For example, if you run an e-commerce website that sells leather shoes and notice a lot of valuable external links pointing towards a specific leather boot product page that has since been deleted, setting up a 301 redirect to the parent leather boots category should preserve the earned search equity.

The same principle applies to informational content that has become irrelevant and, therefore, been deleted. If there’s another page that it makes sense to redirect users to, where they can still get their search intent met with content relevant to their query, use a 301 redirect to take them there.

How not to use 301 redirects

The key to an effective 301 redirect is relevance. If you redirect users to a page that has similar content to the deleted page on your website and improves their overall experience, you’re likely to maintain the search equity the original page earned while also contributing towards good user experience.

If you redirect users towards another irrelevant page on your website that you simply want to rank higher, especially if the page is completely unrelated to the original content, you risk not only confusing users but also still missing out on the benefits of the amassed search equity.

It’s also important not to use 302 redirects, which are designed to indicate that your content is only moving temporarily. While 302 redirects help users, they don’t pass search equity.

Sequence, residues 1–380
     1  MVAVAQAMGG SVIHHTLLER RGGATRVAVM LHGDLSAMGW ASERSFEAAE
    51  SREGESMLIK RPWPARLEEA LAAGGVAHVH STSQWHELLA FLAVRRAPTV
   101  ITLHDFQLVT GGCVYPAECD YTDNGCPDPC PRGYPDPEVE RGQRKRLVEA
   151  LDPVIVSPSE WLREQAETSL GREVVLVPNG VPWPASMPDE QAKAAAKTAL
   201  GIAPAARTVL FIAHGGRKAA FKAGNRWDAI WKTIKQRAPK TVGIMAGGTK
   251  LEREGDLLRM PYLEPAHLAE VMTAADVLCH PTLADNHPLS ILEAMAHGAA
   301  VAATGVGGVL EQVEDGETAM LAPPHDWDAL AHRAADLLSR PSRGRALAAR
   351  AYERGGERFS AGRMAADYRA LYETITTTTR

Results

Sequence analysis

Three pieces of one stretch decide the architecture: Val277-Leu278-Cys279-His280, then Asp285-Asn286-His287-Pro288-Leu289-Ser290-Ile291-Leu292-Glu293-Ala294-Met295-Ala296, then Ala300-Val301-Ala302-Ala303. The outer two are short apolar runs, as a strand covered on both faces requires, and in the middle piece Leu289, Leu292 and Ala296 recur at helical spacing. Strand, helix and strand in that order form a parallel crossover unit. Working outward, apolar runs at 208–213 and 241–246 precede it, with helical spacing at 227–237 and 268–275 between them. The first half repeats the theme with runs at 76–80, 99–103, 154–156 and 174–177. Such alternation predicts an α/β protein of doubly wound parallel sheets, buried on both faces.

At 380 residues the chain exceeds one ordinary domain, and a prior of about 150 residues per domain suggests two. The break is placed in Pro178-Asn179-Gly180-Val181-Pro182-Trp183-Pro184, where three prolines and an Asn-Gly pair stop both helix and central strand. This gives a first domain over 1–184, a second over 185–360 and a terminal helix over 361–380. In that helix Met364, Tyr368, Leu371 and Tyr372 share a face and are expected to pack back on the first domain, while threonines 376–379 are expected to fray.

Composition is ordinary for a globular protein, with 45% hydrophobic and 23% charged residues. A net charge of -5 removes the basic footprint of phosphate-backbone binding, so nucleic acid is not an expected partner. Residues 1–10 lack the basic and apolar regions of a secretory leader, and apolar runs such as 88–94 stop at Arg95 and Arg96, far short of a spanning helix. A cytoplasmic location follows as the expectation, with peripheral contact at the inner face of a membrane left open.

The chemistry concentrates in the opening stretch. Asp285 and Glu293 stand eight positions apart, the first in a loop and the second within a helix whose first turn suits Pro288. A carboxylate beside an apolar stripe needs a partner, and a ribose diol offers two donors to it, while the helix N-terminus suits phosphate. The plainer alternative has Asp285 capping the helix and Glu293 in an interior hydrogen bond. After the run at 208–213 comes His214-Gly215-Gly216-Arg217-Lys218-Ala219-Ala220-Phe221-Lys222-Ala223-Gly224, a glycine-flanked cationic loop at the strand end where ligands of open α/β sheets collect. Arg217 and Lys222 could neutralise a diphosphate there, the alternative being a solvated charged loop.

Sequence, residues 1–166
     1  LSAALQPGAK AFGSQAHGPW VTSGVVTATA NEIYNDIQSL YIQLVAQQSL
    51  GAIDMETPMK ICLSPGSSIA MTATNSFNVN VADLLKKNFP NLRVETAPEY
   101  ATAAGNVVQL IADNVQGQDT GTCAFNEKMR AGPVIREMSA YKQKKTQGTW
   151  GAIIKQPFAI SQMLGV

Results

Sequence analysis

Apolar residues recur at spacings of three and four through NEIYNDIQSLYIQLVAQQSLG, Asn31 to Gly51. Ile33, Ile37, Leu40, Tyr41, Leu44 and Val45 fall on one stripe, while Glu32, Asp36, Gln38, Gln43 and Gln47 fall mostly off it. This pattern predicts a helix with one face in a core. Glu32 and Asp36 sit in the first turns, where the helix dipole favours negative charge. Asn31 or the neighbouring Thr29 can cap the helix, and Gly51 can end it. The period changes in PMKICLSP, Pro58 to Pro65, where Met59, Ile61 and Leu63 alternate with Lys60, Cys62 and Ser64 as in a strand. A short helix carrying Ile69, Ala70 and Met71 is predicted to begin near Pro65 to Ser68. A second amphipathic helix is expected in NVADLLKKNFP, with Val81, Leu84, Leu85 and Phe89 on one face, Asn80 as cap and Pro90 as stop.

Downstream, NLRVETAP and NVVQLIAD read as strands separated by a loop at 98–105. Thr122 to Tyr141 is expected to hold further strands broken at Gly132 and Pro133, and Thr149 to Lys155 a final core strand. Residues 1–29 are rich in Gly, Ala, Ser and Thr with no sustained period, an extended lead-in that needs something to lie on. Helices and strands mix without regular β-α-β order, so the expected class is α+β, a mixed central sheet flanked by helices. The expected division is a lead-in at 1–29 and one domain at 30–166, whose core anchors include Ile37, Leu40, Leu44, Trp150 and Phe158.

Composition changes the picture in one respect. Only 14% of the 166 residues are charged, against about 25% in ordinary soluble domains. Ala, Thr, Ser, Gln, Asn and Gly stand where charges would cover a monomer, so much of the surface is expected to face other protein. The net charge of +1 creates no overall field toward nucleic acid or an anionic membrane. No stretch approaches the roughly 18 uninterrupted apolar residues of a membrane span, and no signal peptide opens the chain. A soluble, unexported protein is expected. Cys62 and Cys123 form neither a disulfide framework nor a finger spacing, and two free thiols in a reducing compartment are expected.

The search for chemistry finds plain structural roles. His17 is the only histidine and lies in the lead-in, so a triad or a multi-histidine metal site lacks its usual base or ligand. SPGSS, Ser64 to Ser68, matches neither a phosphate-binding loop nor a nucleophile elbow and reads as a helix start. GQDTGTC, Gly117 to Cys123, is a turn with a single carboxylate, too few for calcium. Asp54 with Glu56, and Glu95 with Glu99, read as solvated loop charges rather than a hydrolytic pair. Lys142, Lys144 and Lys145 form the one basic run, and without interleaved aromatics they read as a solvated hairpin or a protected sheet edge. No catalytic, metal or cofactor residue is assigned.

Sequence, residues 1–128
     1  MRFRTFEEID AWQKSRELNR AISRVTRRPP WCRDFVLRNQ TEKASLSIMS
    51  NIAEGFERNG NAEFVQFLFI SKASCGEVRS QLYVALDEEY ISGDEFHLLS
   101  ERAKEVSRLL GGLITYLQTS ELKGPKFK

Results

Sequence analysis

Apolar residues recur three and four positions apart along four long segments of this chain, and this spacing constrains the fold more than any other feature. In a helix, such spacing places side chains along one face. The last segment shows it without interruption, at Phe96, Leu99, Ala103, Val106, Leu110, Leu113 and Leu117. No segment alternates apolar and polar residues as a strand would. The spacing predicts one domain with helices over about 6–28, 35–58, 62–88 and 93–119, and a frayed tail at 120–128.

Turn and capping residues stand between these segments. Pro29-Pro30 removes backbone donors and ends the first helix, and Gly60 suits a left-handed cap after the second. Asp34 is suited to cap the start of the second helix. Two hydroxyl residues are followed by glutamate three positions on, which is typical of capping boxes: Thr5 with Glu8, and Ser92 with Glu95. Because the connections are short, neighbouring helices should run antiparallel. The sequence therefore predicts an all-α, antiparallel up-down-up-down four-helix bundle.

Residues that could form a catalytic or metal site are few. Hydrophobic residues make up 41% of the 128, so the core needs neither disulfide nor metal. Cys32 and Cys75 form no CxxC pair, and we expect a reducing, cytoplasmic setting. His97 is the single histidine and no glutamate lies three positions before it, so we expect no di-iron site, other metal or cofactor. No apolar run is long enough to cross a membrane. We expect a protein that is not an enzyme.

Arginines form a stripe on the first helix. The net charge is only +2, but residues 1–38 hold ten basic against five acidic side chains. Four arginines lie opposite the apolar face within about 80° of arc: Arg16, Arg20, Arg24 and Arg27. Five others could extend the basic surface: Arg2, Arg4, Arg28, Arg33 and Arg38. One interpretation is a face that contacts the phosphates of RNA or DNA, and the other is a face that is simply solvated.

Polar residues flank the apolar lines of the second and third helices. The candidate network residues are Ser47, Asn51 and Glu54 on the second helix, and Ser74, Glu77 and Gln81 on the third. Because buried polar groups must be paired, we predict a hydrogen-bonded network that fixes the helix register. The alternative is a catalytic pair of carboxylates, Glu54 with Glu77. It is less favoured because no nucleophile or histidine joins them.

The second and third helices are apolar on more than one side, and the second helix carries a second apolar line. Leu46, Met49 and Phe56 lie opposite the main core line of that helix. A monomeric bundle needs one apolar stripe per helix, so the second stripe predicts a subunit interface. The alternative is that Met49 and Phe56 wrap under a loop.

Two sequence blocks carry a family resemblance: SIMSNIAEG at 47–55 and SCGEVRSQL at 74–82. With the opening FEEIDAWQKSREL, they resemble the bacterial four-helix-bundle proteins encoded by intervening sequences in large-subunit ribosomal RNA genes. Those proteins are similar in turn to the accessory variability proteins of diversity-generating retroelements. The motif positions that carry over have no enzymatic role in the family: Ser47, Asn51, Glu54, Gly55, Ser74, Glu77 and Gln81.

What if you have a lot of 404 errors?

If you’ve recently restructured your website or switched to a new CMS, causing large scale URL changes, you might have hundreds or thousands of pages returning 404 errors. In this case, redirecting them all to separate pages might not be a viable solution given the significant time that would take.

There are essentially three potential ways to solve this problem.

The first is to bulk redirect all pages to your website’s homepage – a quick and simple solution that probably won’t pass on much of the search equity the old URLs built but will at least keep users from encountering a poor 404 page.

The second option is to export a backlink report from a tool such as Majestic, Ahrefs, or Moz and prioritise setting up relevant 1:1 301 redirects from the pages with the most backlinks. This method should preserve the majority of the really valuable search equity gained from links in the past. URLs with few valuable links or very little commercial value can then still be redirected to your homepage.

Alternatively, you can create a custom 404 page that actually provides value to the user. For instance, if you’re forced to 404 an old product because it’s no longer on offer, but there’s no similar product to redirect the URL to, a custom 404 page could display the original product information, an explanation as to why it’s not available, and links to product categories that could potentially meet the searcher’s intent.

What’s actually probably best in most cases where websites have large-scale SEO issues is a combination of the above three solutions.

Does your website have a 404 problem?

While almost every website has some pages that return 404 errors, you have an issue if hundreds or thousands of your valuable backlinks currently drive traffic and search equity towards broken pages. The first step to fixing this issue is to identify the scale of the problem by running a crawl of your website and exporting your backlink profile to see how many internal and external links lead to 404s. Once you’ve found all of the broken pages, you can decide what to do with them, whether that’s redirecting to a different page, making your 404 page better, or just leaving it alone.

Jack Fuller

Senior Technical Exec